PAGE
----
While I agree that far too many abused the system claiming their pets are “Emotional Support Animals” to evade paying fees for their otherwise ordinary pets, the airlines are hardly blameless in having raised in-cabin pet charges to $125 each way, which when took our 14 lbs dog NYC-RDU-NYC or NYC-Orlando (MCO)-NYC often cost (significantly) MORE than our roundtrip airfares.
And therein lies the problem:
With loopholes vastly diminished, and the opportunity to further gouge flyers now vastly enhanced, I cannot help but wonder how badly our airlines will now abuse passengers by increasing in-cabin fees and/or the cost for pets in cargo holds?
As it is, $125 each way for relatively short flights is outrageous; if in-cabin fees are increased further it’s nothing more than shameless, naked greed.
When You have been traveling internationally with a legitimate ESA for over 5 years and have provided legitimate doctor letters and more recently additional doctor statements, veterinary statement, animal health records in addition to ever increasing documentation and have a home trained, well behaved animal, try seeing how it feels to be suddenly denied this. Not a matter of cost, willingly would and will pay for this service. Walk in my shoes and stop being such uncaring individuals.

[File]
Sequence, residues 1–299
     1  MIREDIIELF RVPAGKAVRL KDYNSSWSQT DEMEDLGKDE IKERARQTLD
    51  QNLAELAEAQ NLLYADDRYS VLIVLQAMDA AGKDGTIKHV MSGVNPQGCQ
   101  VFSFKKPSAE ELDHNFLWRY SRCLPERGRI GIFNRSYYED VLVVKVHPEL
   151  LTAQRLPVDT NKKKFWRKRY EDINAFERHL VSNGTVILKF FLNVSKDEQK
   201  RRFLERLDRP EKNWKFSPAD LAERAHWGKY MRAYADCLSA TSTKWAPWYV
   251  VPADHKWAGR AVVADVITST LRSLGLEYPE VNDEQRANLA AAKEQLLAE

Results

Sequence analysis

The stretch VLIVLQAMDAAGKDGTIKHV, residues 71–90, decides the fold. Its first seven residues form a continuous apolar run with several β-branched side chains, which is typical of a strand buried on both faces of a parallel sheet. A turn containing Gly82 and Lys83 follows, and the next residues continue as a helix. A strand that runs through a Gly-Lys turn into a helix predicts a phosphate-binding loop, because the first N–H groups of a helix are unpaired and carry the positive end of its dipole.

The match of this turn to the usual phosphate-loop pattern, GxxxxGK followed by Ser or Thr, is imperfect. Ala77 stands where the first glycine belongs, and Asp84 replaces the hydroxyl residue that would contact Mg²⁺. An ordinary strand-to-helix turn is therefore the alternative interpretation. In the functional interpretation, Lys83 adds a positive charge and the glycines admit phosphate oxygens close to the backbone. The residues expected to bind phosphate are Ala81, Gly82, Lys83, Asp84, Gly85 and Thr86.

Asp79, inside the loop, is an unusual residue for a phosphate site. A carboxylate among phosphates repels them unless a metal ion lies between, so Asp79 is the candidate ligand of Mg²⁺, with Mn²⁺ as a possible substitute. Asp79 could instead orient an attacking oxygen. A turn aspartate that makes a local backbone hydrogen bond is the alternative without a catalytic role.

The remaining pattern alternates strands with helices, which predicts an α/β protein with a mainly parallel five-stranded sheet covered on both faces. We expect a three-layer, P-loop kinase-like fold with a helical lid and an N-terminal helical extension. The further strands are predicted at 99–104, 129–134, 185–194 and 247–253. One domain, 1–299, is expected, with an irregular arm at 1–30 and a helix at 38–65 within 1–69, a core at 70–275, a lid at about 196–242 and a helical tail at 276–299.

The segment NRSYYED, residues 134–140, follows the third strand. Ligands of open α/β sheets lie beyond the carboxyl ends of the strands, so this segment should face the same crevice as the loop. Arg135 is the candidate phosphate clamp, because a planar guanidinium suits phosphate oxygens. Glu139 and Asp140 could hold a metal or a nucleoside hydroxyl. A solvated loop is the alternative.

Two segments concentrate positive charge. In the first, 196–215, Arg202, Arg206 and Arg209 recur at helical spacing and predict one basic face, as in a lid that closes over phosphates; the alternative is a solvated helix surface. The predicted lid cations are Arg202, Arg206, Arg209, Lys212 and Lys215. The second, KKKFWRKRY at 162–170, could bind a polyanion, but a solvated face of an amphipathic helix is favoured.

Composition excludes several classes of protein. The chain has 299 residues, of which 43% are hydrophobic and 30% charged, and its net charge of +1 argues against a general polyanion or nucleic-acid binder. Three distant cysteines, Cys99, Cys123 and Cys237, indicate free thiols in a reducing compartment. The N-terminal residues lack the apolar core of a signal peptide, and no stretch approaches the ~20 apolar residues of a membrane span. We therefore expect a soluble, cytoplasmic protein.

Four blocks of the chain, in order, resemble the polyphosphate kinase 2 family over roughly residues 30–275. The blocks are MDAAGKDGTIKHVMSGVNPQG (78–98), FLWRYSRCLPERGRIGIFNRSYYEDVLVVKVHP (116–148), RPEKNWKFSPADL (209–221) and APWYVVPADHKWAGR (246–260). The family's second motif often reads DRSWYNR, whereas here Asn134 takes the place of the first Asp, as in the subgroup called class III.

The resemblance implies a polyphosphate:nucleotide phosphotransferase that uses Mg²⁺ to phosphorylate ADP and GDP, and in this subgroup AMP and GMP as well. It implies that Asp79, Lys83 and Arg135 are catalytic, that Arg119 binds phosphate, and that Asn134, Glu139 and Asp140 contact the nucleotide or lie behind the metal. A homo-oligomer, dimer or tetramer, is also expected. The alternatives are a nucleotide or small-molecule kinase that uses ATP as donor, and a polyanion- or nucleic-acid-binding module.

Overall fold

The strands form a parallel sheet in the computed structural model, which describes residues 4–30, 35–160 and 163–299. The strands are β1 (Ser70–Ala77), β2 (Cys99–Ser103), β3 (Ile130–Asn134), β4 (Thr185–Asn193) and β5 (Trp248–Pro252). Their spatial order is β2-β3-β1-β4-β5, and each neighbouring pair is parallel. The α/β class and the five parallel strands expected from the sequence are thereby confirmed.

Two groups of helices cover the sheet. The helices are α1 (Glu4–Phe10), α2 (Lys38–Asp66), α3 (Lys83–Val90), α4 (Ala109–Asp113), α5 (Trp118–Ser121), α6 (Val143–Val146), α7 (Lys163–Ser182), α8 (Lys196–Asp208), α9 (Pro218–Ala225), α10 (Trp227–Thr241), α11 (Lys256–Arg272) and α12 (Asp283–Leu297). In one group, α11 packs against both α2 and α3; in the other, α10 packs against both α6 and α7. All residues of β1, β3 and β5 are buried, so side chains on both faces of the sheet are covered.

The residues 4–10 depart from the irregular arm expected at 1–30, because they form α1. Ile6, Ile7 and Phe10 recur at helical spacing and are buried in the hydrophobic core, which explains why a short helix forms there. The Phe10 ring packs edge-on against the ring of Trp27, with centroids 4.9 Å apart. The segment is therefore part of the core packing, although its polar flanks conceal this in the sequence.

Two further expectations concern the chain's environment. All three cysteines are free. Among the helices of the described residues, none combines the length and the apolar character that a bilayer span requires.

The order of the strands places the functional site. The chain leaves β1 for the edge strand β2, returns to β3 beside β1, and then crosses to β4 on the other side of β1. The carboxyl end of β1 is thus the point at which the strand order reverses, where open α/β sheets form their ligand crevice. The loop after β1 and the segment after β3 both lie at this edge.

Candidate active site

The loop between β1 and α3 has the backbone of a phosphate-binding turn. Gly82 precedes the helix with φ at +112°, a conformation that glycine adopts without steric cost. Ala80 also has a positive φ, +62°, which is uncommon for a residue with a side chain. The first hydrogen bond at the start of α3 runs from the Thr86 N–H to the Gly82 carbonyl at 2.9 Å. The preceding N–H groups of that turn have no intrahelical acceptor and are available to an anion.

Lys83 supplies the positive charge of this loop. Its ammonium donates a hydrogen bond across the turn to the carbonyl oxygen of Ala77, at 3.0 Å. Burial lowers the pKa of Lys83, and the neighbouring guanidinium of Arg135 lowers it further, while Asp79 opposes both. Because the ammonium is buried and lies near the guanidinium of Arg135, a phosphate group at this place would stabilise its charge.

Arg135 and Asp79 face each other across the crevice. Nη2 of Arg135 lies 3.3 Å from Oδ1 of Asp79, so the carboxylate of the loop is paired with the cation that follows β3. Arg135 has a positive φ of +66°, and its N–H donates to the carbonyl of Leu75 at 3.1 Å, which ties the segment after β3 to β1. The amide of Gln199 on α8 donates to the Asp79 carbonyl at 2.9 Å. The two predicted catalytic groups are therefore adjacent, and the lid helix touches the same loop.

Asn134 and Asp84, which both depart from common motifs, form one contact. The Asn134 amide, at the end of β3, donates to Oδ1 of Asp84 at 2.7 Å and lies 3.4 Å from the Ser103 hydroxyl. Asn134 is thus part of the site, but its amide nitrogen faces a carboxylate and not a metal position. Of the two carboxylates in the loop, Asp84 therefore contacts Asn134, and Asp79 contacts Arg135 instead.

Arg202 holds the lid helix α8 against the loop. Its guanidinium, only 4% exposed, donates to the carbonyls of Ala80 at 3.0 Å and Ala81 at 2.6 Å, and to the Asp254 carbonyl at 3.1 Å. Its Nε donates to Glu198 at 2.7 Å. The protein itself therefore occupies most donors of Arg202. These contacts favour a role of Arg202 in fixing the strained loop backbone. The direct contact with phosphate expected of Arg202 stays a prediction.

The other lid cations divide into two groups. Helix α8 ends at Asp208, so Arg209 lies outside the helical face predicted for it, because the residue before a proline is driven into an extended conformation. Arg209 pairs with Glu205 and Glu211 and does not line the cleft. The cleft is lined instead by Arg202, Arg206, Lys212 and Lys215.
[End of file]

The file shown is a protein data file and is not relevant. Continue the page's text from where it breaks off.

Seth Miller says
Dropping “international” into the comment is an interesting choice, especially considering how so many foreign carriers and countries don’t allow ESAs on board, or even pets in many cases. And the quarantine rules associated with taking animals across borders.
But if you got screwed by all the other people behaving so badly then, well, you got screwed. It was not hard to see this writing on the wall.